“Club of Knowledge Hunters”

Organised Retail undergoes Reality Check

Posted by retailigence on September 14, 2008

‘Modern Retail’ was the buzz word, surrounded with excitement and euphoria only a year ago. However the inevitable consolidation and its sudden and quick arrival with an unexpected slowdown has  surprised most experts. Every one connected with retail was anxious about imminent shortage of quality manpower. Managerial talent was in short supply and salary packages were piercing stratospheric levels, reports HR consultants and trainers were ecstatic about unfolding opportunities.

Like life cycle of any sunrise industry the things have changed overnight. Nobody can deny that there has been a slowdown in the expansion.  This is not to suggest that expansion of the retail chains has completely halted or there are no new players entering the sector. World’s top four retailers, namely, Wal-mart (USA), Carrefour (France), Tesco (UK), and Metro (Germany) have either entered or made arrangements to foray into India through ‘cash and carry’ route. They have also resolved the FDI hurdle that bans entry of multi-brand retailers in front-end retail by appointing Indian retailers as their franchisees.

Initial cracks appeared with Oswal’s decision in July, to shut down their 22 stores ‘innerwear’ chain called ‘Straps’  followed by recurrent news of closure of a few stores owned by prestigious retail chains. Spencer’s Retail (RPG) has closed 40 stores; Next (Videocon) has announced closure of 20 stores in the past five months. Even niche brands like Nike and Conizza have been affected. Retail chains like Big Bazaar (Future Group) and Indiabulls (erstwhile Pyramid) have also closed some of their stores. Even Reliance Retail, according to reports, has cut down the size of its first hypermarket store ‘Reliance Mart’ at Ahmedabad, bringing down the size (1.65 lakh sqft) of its first flagship store to nearly a third of the original size. Even Kishore Biyani concedes that everybody miscalculated. Big Bazaar or Reliance have not  completely halted their expansion. They are certainly opening new outlets at other locations, but at slower pace.

In fact, slower roll-out appears to nave now become the corporate mantra of most large retail chains. Bharti’s ‘Easy Day’ rolled out just seven stores in six months; four being opened on the first day. Reliance Retail has set up over 700 stores in less than two years  but the number is much lower than its original target. Only, Subhiksha, currently mired in many controversies is appearing to be opening around 60 stores every month. All major retailers have also begun to tighten up. Reliance Retail, Aditya Birla Retail, Future Group, Provogue, Spencer’s, Koutons and Vishal Retail are among the big retail players, who have initiated cost control measures. Some of the chains have even begun renegotiating original lease rent agreements. Apart from cost efficiencies and slow roll out, all big business houses have also begun revisiting their retail strategies.

In a complete reversal of its original strategy of doing every activity on its own, Reliance has now begun forming partnerships with niche global brands. In some cases it has even offered majority stake and operational control to these partners. In another strategic shift, both Spencer’s Retail and Big Bazaar have begun focusing more on high yielding fashion apparel  segment compared to low yielding food and grocery business.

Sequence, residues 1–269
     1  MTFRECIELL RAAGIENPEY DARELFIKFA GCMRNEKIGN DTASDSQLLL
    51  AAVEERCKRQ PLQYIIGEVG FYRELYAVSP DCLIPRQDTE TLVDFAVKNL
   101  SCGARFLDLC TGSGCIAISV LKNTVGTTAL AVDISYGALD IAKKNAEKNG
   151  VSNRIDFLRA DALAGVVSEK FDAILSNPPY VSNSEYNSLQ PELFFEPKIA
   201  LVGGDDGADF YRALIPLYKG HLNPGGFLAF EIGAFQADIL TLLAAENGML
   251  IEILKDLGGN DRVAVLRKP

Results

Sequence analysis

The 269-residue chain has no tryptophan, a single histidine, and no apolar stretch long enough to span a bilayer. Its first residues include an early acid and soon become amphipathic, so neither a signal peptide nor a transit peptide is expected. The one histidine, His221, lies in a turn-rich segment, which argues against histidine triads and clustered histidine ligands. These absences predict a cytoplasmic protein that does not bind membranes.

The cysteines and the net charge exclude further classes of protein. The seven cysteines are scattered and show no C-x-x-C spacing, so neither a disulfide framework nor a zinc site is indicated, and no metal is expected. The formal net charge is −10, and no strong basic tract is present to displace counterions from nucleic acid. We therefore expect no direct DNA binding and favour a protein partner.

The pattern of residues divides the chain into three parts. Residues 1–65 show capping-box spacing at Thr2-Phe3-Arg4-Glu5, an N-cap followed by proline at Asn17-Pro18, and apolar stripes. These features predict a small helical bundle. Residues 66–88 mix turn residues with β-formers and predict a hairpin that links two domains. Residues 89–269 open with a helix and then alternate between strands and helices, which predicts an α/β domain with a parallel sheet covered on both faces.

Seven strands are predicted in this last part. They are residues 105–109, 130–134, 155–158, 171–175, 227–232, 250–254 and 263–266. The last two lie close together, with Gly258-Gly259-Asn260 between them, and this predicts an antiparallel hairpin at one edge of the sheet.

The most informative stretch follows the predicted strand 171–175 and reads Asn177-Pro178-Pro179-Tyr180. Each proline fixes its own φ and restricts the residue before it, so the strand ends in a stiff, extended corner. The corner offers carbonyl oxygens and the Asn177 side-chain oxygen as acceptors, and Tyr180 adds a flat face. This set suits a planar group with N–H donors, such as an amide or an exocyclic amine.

While the high profile CEOs of Aditya Birla Retail and HyperCity have resigned, many at the lower levels are also being fired. Against earlier projections of creating half a million retail jobs, Reliance has axed 3,000 of the 20,000 jobs. Most companies are also rationalising pay packages in tune with what is prevailing in their other group companies.

How did it happen ?

The most important factor is  higher operating costs (rents, salaries, electricity bills, etc), fewer consumers (initial craze of visiting newer and bigger shops having waned for a variety of reasons including higher price tags for similar items, which most Indian consumers do not accept), sliding demand, competing brands getting crowded in the same geographic areas without any differentiation, poor service, inadequate staff training, and insufficient inventories. The original thesis of consumers getting benefited from efficiencies of supply chain over the period have been belied as several statutory regulations impede seamless trade between all stake holders. In fact, the dream of efficient supply chain has remained a dream.

In short, India still has many impediments to take advantage of ‘farm to fork’ strategy as the ‘farm’ end continues to remain beyond the reach of many retailers. Every thing, though, has not been lost as consumers have begun to expect a lot from their retailers as they have been exposed to good shopping ambience and experience. The current slow down, in the long run, may also turn out to be good for the sector as fly by night operators ready to make quick buck will think twice before venturing into the sector. While, investors will resist unrealistic valuations, financiers will look high sales and earning projections with suspicion.

Inevitably, there will be some casualties, leading to M&A opportunities. This may ensure survival of the fittest players with deep pockets and long term commitment to the sector.


Contributed by :- Vipin Rawat


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